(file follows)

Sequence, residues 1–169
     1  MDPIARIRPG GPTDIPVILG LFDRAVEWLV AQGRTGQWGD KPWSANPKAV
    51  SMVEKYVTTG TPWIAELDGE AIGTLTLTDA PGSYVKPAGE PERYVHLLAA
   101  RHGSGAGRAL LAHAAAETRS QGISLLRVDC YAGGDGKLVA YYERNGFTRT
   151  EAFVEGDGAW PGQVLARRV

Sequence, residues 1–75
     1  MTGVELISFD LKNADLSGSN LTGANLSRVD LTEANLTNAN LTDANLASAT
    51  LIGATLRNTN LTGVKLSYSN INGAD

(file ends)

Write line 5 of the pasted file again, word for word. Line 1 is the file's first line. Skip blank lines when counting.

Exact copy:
   151  EAFVEGDGAW PGQVLARRV